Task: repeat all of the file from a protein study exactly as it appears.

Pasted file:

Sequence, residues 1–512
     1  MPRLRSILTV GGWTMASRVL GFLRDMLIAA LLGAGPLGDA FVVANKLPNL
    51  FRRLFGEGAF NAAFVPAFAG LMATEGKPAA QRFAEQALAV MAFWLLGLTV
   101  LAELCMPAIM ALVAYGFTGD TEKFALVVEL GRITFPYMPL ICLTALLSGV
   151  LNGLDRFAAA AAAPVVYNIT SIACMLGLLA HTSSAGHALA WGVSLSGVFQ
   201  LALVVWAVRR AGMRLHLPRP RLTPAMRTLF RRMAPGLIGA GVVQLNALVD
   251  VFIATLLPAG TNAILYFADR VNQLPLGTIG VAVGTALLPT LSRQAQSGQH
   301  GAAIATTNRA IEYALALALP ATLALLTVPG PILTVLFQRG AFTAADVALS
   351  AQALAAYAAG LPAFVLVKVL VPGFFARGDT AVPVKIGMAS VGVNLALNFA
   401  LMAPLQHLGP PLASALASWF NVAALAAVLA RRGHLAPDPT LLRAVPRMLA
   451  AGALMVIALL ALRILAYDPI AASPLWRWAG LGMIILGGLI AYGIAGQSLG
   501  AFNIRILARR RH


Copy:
Sequence, residues 1–512
     1  MPRLRSILTV GGWTMASRVL GFLRDMLIAA LLGAGPLGDA FVVANKLPNL
    51  FRRLFGEGAF NAAFVPAFAG LMATEGKPAA QRFAEQALAV MAFWLLGLTV
   101  LAELCMPAIM ALVAYGFTGD TEKFALVVEL GRITFPYMPL ICLTALLSGV
   151  LNGLDRFAAA AAAPVVYNIT SIACMLGLLA HTSSAGHALA WGVSLSGVFQ
   201  LALVVWAVRR AGMRLHLPRP RLTPAMRTLF RRMAPGLIGA GVVQLNALVD
   251  VFIATLLPAG TNAILYFADR VNQLPLGTIG VAVGTALLPT LSRQAQSGQH
   301  GAAIATTNRA IEYALALALP ATLALLTVPG PILTVLFQRG AFTAADVALS
   351  AQALAAYAAG LPAFVLVKVL VPGFFARGDT AVPVKIGMAS VGVNLALNFA
   401  LMAPLQHLGP PLASALASWF NVAALAAVLA RRGHLAPDPT LLRAVPRMLA
   451  AGALMVIALL ALRILAYDPI AASPLWRWAG LGMIILGGLI AYGIAGQSLG
   501  AFNIRILARR RH